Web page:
“Jazz has changed,” he said.” I was listening to a new jazz station while on vacation in San Diego. It had the usual Dizzy Gillespie, Miles Davis classical stuff, but there was some new, keyboardy type things, and I thought, ‘hey, I can do this.’ So, I hired a jazz trio, stand-up bass and drums, went in the studio, and four of the songs locked into such a groove, that is so undeniably cool. I got brave enough to do it, and I’m even braver now. Pardon the expression, but it really rocks. I think there’s a niche for it out there.”
And, if that’s not enough, there’s still the Guess Who, which, after more than 30 years, are still going strong in their fourth year of this reunion.
“I don’t know how far it can go,” Bachman said.”We get tired after every summer. I can see doing this for another 10 years or so, because it’s what I do, whether it’s with them, or with “Every Song,” and probably with the jazz incorporated in there. I can still seeing doing it.”
He even holds the door open to working with Fred Turner again, in Bachman-Turner Overdrive.
“Everything is just that,” Bachman said, nodding in the direction of his hotel room telephone. “It’s just a call away. Remember, I was never going to work with the Guess Who again. It was our version of ‘Hell Freezes Over (the legendary title of the Eagles’ reunion),’ The phone call came, and it was ‘I’ll do it, if you do it.’”
The band came together again to perform four songs at the Pan American Games in Winnipeg in 1999, leading to the more permanent reunion and the recent summer tours.
“First the fear and fright of going out there, and then the high and comfort, and seeing the crowd reaction, to have my children there to see me perform these songs, that they had grown up with, but never seen me perform, it was incredible,” he said, about the first reunion show at the Games.
“When I got off stage, I said to Burton ‘I don’t know how you feel, but the way I feel, if I could bottle this….’ And he said ‘well, we don’t know how to bottle it, but we know how to get it, so let’s keep playing together,’ and we shook hands,” he recalled.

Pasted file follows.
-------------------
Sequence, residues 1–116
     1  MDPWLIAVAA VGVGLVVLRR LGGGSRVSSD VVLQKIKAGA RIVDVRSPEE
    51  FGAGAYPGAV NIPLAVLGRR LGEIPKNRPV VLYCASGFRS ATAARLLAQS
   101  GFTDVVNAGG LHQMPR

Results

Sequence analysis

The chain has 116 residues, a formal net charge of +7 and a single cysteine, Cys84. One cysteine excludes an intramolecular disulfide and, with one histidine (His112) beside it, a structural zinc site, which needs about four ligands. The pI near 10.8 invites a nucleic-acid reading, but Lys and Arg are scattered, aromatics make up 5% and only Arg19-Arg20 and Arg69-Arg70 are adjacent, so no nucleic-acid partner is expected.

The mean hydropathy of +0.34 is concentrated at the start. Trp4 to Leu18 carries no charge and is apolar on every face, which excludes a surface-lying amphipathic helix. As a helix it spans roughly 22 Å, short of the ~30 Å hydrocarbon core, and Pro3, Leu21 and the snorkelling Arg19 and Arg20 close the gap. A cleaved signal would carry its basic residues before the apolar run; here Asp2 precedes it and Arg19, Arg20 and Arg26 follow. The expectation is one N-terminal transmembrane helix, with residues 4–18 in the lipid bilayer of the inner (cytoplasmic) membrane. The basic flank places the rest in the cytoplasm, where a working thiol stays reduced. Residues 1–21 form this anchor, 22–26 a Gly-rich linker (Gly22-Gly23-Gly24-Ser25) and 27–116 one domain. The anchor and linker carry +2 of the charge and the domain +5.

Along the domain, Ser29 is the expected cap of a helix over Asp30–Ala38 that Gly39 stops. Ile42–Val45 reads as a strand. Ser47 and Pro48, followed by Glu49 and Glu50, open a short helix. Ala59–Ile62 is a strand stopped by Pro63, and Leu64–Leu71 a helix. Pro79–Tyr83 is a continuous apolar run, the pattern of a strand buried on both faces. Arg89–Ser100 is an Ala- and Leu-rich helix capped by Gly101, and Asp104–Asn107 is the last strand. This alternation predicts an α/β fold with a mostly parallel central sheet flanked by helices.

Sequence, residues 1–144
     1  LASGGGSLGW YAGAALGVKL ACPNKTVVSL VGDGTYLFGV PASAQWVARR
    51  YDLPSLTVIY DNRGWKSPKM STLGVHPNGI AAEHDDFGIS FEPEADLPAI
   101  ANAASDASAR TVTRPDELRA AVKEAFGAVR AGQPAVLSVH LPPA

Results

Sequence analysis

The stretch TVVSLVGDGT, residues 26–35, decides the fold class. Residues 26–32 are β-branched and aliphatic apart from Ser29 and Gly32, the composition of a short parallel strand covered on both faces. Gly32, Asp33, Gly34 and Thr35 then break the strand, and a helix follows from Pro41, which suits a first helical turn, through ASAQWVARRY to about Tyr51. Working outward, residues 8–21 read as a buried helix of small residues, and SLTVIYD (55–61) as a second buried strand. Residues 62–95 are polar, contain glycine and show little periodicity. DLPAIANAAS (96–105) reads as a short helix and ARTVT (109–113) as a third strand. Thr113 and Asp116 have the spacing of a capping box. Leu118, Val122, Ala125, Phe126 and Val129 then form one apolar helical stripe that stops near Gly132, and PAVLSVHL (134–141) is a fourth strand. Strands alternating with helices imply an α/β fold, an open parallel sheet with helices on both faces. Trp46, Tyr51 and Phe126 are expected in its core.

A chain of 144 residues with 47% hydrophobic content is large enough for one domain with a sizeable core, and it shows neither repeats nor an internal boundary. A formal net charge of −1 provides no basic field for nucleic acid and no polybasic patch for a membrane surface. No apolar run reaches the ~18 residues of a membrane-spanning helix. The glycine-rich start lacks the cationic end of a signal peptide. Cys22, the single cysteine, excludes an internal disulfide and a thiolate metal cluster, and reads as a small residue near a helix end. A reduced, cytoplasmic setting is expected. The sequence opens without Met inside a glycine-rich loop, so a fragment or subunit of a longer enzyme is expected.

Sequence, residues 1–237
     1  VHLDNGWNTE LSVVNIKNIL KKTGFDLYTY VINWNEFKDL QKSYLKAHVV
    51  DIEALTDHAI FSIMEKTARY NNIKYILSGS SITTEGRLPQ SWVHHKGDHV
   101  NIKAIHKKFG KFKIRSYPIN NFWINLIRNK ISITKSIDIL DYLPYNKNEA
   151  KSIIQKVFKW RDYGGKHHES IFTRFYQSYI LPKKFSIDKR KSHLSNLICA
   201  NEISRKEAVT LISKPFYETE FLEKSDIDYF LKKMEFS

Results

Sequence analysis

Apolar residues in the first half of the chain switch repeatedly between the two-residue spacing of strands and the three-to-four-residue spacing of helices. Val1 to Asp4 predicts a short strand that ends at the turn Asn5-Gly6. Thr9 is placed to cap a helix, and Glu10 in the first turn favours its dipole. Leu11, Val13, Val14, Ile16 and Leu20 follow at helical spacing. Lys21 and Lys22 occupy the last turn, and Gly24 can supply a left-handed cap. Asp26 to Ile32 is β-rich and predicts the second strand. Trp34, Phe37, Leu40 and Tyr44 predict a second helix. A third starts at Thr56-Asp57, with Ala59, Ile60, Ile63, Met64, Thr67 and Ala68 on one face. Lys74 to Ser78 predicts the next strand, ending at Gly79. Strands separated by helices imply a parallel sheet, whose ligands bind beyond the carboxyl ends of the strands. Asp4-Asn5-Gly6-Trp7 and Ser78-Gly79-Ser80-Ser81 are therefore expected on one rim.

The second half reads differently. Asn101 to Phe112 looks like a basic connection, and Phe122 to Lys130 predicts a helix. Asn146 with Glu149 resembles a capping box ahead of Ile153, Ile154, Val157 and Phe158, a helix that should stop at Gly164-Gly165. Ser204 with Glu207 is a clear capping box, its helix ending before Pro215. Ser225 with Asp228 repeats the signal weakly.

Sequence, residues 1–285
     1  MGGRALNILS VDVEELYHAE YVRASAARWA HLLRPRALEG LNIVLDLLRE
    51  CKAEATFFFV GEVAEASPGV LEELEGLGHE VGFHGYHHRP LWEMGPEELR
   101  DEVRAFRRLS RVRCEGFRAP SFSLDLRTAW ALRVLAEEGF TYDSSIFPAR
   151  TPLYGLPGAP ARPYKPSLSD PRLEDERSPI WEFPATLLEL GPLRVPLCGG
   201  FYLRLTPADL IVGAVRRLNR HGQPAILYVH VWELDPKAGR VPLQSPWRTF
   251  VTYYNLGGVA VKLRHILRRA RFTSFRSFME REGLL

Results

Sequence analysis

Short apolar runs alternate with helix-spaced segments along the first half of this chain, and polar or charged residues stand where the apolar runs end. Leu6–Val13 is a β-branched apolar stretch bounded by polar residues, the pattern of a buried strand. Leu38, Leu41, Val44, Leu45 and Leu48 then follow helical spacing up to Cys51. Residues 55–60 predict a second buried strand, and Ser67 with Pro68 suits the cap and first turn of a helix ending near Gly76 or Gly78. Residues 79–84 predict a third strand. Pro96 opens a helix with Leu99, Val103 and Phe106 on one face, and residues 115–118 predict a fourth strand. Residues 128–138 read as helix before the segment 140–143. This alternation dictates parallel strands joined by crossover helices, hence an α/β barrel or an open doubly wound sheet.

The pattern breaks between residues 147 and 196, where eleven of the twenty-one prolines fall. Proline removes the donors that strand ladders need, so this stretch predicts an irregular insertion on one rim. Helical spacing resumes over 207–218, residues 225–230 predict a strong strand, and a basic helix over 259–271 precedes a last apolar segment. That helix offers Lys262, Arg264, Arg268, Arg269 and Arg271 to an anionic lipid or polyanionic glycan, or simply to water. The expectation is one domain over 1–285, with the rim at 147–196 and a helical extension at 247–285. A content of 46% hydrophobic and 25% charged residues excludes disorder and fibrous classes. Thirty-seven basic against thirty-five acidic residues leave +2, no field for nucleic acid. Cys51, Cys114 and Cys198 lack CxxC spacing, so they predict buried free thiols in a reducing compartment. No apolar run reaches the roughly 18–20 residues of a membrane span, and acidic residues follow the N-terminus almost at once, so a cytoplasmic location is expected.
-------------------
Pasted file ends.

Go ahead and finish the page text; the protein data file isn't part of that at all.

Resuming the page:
And, for his fans and fans of the Guess Who, Bachman’s reteaming with writing partner and lead singer Cummings has been an important turn of events.
“He’s one of the undeniably top five singers in rock and roll, who just don’t come out and scream,” Bachman said about Cummings. “He can do a ballad that will rip your heart out, and then do a screamer, and back and forth. He’s a really great guy, whom I’ve known since we were kids. I have something with him that is very, very rare, like Lennon-McCartney, Jagger-Richards; we’ve written some incredible songs together. And, it’s still there.”
In between it all, Bachman also found time to co-write his biography, “Takin’ Care of Business,” with noted Canadian rock historian and author John Einarson.
“(John) was a total, incredible, anchoring font of knowledge,” he said. “When we (the Guess Who) want to know something about ourselves, we phone John. He tells us exactly who, what and where, it happened, as well as what we ordered for dinner. He’s a great factual guy, a great researcher, very organized, being a teacher and having been in bands in Winnipeg in the Sixties, I just can’t think of anybody else who could write this from that perspective.”
So, 150 pounds lighter, with numerous projects on the horizon, Bachman sounds, and certainly looks, like he’s ready to go on for a number of years.
“I can still hear my father saying ‘can you make a living at this, why don’t you get a straight job?’” he said. “It’s really gratifying to know that I’m not a drunk, broken down musician playing in a club someplace, like we see on the road, where they can’t walk, they can’t move. We’re all in good shape. I’ve got another 20 to 30 years to go in playing; whether it’s the Guess Who, my own band, “Every Song,” or jazz, that’s what I’ll be doing.”